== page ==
It's always good to learn the basics

It’s always good to learn the basics

If you build higher floors of the dwelling without taking care of the strong foundation, you’ll get rather a viral video of a collapsing construction instead of the solid shelter. To remind some basic marketing knowledge I’ve re-read P. Kotler’s marketing bible. Lessons learned? Traditional and mobile marketing differ when it comes to content distribution channel and profile of target audience, but they grew on the same tree. Can we, despite all the differences,  translate the traditional marketing “know-how” to the mobile language?



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Let’s begin with some definitions. When asked about what marketing is, P. Kotler said: [Marketing is] the science and art of exploring, creating, and delivering value to satisfy the needs of a target market at a profit.  Marketing identifies unfulfilled needs and desires. It is also the art of selling and building consumer’s satisfaction, and that leads to mutual gain.

The market works thanks to the process of constant exchange defined as: “the exchange of activity, tangible or intangible, and more or less rewarding or costly, between at least two persons” (G. Homans). All our actions are caused by the vision of reward. As we all define reward differently, the process is very dynamic: John finds an iPhone unnecessary and overhyped, and Jane sees it as luxurious, desirable artifact.


Business First

Many of us forgot that marketing is performed mostly to generate profits. For many years it drowned in catchphrases and buzzwords – so we forgot its nature. It’s about time to go back to basics and renew “business first” approach.

Fact: in numerous companies marketing money is cut off first. It happens because neither employees nor bosses understand marketing specifics and because we still believe in the Inbound myth. No one dares to take money from Sales Dept.  (they generate revenue), Production Dept. (they need tools to work with), or even form cleaning crew (imagine they skip 2 working days in the company with 100 employees). Marketer, however, when asked about her results, rarely shows something more than Facebook or Google Analytics stats. She doesn’t have KPI set, nor she knows a thing about CLV or ARPU.

Myth: marketers job is mostly about content creation and distribution. To be frank, it’s more about maths and analytics than it will ever be about creativity. We all do know A. Einstein’s quote regarding the stupidity of expecting different results while performing the same actions. Now imagine – how idiotic it is to expect good results while performing the same actions without knowing if they result in something good, something bad, or something mediocre!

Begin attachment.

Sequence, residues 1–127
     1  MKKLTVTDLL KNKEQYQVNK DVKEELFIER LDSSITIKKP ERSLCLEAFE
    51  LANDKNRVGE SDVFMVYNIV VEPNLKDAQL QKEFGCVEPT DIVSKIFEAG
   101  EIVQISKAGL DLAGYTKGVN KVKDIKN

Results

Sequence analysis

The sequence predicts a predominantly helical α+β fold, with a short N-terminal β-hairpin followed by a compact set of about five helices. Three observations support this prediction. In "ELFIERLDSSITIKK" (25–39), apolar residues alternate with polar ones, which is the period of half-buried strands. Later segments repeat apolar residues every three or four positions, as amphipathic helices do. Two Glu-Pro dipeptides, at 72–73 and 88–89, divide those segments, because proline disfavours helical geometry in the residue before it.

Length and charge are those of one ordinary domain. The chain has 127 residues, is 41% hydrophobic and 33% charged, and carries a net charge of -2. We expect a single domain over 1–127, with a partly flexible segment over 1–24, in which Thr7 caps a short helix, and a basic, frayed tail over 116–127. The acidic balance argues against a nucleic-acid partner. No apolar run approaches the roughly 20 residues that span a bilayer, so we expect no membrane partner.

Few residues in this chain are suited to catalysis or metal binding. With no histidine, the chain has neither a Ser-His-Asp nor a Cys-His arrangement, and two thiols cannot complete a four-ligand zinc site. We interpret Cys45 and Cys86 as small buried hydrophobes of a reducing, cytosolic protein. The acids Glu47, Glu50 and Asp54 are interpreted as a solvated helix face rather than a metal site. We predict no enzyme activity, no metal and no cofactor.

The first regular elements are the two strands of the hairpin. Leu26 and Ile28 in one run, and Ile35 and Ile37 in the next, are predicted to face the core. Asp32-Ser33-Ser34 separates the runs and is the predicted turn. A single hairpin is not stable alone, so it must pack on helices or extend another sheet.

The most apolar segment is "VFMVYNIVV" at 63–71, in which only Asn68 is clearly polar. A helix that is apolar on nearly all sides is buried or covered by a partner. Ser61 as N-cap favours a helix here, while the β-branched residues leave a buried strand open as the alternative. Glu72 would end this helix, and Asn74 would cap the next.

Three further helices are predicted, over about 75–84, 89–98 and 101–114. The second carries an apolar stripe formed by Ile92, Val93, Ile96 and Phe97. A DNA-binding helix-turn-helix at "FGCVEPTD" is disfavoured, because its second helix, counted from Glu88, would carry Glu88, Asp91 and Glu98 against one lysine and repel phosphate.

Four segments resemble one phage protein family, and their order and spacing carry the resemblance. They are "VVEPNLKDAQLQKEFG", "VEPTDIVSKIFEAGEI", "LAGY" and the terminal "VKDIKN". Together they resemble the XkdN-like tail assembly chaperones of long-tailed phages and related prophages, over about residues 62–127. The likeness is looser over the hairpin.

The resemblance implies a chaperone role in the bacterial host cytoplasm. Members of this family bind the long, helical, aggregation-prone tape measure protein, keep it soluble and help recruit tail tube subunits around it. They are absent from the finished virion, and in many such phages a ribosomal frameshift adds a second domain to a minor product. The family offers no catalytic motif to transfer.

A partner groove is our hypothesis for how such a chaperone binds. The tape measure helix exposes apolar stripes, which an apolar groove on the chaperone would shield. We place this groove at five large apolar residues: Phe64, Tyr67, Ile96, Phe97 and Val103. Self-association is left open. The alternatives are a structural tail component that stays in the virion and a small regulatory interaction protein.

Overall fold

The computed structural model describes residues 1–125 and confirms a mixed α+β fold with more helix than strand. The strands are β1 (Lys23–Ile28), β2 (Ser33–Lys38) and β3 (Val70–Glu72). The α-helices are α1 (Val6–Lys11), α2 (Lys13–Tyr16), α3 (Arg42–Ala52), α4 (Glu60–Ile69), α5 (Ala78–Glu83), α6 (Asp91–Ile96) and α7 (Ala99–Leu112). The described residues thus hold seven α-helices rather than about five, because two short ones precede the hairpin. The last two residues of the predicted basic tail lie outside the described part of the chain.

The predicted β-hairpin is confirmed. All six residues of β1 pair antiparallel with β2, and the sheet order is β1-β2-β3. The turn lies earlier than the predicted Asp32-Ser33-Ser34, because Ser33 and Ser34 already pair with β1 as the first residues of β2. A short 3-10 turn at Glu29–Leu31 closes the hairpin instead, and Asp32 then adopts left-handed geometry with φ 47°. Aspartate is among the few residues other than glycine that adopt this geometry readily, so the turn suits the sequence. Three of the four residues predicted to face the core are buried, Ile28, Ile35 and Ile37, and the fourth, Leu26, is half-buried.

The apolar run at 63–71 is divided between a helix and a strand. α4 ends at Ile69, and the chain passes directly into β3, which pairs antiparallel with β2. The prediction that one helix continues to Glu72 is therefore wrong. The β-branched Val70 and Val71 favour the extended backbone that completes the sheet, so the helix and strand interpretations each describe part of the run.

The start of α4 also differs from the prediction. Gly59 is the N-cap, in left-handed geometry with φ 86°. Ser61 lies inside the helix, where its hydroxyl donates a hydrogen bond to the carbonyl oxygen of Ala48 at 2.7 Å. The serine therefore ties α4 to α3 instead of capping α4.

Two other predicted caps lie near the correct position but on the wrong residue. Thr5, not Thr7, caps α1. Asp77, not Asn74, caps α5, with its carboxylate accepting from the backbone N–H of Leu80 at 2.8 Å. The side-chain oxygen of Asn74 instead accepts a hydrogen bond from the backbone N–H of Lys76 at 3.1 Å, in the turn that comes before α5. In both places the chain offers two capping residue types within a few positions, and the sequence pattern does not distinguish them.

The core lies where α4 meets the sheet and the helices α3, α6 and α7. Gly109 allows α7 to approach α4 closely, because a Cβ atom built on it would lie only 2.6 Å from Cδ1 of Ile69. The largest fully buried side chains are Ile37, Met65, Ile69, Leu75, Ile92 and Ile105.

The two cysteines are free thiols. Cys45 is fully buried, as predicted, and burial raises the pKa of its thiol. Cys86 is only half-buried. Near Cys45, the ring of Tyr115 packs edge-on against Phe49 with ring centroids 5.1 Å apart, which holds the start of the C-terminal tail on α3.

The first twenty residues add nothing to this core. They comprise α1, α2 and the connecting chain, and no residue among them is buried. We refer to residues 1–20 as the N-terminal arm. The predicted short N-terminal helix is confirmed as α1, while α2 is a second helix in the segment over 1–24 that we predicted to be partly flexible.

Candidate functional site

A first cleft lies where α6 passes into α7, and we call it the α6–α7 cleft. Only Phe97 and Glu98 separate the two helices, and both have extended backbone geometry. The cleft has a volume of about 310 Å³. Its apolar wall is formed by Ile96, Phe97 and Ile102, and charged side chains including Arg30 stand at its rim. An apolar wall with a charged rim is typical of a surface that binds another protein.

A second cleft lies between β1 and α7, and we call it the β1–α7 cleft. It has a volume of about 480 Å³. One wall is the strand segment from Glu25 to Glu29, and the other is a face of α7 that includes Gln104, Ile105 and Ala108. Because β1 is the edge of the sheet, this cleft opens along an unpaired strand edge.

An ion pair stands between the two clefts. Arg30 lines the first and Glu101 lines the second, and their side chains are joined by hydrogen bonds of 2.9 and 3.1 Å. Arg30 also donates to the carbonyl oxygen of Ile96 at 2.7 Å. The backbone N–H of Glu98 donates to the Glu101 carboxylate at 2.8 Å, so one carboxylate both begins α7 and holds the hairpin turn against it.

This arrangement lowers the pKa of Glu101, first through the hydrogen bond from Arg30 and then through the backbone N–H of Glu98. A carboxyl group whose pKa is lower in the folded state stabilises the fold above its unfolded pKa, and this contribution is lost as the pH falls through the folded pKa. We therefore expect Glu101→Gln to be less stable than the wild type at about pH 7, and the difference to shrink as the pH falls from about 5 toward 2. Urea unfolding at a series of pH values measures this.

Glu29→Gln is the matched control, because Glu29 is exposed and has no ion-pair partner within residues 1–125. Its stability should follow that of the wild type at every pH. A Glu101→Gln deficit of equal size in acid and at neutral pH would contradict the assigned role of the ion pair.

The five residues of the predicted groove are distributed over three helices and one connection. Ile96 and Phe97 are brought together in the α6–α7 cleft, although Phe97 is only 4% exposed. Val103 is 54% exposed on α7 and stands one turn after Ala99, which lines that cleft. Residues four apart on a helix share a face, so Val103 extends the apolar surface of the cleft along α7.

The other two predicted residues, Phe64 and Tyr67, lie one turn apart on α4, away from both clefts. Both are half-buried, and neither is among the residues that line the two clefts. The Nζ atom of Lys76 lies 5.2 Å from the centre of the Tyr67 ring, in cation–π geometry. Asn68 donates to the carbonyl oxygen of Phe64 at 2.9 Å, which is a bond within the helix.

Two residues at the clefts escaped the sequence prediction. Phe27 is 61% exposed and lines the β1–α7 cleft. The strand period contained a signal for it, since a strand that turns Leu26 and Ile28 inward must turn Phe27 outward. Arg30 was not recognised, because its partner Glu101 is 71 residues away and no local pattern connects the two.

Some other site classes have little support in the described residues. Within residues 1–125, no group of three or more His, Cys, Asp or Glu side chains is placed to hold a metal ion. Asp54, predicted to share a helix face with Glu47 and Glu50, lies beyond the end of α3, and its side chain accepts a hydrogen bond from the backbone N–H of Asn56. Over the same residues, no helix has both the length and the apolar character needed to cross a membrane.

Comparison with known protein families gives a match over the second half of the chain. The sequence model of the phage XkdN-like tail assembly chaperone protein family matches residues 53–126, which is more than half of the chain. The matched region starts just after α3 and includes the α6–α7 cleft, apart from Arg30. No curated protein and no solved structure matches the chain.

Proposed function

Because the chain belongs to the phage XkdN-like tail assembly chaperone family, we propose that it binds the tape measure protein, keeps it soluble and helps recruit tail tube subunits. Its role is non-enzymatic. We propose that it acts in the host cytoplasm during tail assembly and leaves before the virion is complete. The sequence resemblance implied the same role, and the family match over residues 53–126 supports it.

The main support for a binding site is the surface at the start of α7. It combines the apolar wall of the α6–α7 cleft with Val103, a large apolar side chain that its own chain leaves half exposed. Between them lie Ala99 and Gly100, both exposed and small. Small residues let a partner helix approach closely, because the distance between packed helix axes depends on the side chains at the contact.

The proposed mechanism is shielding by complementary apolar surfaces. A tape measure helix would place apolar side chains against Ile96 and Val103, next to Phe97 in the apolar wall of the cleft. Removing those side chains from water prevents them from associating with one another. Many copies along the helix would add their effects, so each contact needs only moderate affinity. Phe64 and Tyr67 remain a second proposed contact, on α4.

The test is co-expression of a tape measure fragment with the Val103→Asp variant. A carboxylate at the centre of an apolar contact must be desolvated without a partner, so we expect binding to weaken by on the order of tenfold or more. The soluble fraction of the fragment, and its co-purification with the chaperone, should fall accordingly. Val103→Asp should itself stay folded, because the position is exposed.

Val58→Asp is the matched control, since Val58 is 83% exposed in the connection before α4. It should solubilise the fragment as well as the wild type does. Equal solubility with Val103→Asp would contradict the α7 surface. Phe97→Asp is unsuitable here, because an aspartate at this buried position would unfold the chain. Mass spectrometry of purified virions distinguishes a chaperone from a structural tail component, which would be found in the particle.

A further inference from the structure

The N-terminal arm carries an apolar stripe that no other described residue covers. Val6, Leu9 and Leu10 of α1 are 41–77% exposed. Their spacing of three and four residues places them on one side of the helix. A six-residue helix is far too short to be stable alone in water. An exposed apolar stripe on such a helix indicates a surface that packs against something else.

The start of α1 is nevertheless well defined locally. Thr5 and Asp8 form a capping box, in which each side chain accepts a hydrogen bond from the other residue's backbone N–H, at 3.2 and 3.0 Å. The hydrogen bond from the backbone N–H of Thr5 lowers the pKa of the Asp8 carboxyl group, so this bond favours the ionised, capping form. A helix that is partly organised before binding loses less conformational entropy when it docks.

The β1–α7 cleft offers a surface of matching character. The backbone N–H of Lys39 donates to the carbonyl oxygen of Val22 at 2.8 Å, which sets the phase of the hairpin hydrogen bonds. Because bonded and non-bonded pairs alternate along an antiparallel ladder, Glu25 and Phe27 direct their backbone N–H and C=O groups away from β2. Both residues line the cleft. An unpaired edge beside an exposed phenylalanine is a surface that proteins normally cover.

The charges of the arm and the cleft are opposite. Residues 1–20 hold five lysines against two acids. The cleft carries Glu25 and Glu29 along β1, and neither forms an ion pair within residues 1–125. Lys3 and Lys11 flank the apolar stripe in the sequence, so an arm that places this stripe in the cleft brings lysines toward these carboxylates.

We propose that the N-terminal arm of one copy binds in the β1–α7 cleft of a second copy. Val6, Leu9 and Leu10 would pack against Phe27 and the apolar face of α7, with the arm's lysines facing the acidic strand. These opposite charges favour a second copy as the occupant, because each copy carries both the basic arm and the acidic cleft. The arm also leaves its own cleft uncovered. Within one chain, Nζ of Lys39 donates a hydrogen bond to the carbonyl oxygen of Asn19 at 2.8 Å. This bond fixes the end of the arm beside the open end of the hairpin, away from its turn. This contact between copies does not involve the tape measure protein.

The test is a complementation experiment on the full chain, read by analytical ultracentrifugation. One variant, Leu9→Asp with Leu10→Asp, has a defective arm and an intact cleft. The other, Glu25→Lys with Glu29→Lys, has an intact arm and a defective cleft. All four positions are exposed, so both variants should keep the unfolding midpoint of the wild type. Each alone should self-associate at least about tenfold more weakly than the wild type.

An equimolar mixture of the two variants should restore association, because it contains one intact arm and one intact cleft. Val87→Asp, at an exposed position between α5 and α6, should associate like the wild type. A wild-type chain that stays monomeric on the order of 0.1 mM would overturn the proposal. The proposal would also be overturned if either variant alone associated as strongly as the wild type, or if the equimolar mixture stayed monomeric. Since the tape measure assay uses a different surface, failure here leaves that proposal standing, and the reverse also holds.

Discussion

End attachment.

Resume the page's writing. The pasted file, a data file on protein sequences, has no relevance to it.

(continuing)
For all those natural born humanists I have good news: It’s not the end of the world! Of course, I try not to demonize exact science. Au contraire! I encourage you to demythologize it. But if you need instant results, use one of many platforms made especially to ease marketer’s life and provide her with complex analysis of her marketing performance.


The screen with random analytic dashboard from mobile marketing automation platform:


Don’t be afraid to use them! Integrate them with other tools you like. Results are worth it.



Marketing also serves another purpose – it helps in bonding with the audience, in building their satisfaction, and in increasing brand recognition. Yes, I admit – content marketing (combined with the right content distribution) is of paramount importance. Nonetheless, bare inbound practices are worth near to nothing. You must pamper your actions, let’s say “outbound your inbound.” Combine great content with push marketing into an effective strategy. If you want the soon-to-be client to react to content, you should make her see it somehow!

And what the audience wants? Panem et circenses (Latin for “bread and games”)! Mobile friendly content is the bite-sized, visual one. My favorite Facebook newsfeed elements are short videos with food preparation, pretty tattoo photos, and scientific mini-infographics. In the news and content flood, I strain the information, so the less visible content has zero chance to break through my “firewall.” It’s also a guideline for you – at least once per week create neat micro-content fitted to your audience interests.

Note that social media are for communication not for distribution! There aren’t many people who log in to Facebook or LinkedIn with the idea of buying the new document-scanning, all singing, all-dancing app!

Contact with the audience is a vital part of brand image building. You can use social media to build it, send newsletter to sustain it (if you want to receive our newsletter – leave your email address in the purple box like this:

in the right column – if you use laptop, or below the post – if you read it on the smartphone), and helpdesk for your customers (if analytics shows any problem with the app usage – propose via text or push that you’ll contact them and help to cope with the obstacles).

Instead of focusing on sales – educate. Believe me: for many people the fact that you deliver education, and entertainment (again: bread and games) will be something you can leverage when it comes to purchasing.


Fact: Mobile Marketing has its own rules – it has to be contextual, real-time, visual and full of bite-sized content, but underneath it is still a traditional marketing. Remember it tomorrow when you go to work. Maybe you have some thoughts on this topic? Leave them in the comment section – we’d love to read them.


Read more facts about Mobile Marketing: The importance of mobile marketing. 25 stats you must know

And learn how to measure your app’s success: 4 ultimate metrics to measure your app’s succes